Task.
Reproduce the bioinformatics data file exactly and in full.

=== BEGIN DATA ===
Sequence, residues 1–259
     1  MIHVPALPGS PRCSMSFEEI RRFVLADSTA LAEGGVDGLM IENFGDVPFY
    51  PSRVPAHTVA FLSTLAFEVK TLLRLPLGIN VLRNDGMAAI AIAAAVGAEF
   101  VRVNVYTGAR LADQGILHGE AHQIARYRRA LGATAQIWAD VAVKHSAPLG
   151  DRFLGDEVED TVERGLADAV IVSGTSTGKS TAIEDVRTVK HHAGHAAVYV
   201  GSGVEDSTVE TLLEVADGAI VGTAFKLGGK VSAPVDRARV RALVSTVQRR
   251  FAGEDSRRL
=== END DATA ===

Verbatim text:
Sequence, residues 1–259
     1  MIHVPALPGS PRCSMSFEEI RRFVLADSTA LAEGGVDGLM IENFGDVPFY
    51  PSRVPAHTVA FLSTLAFEVK TLLRLPLGIN VLRNDGMAAI AIAAAVGAEF
   101  VRVNVYTGAR LADQGILHGE AHQIARYRRA LGATAQIWAD VAVKHSAPLG
   151  DRFLGDEVED TVERGLADAV IVSGTSTGKS TAIEDVRTVK HHAGHAAVYV
   201  GSGVEDSTVE TLLEVADGAI VGTAFKLGGK VSAPVDRARV RALVSTVQRR
   251  FAGEDSRRL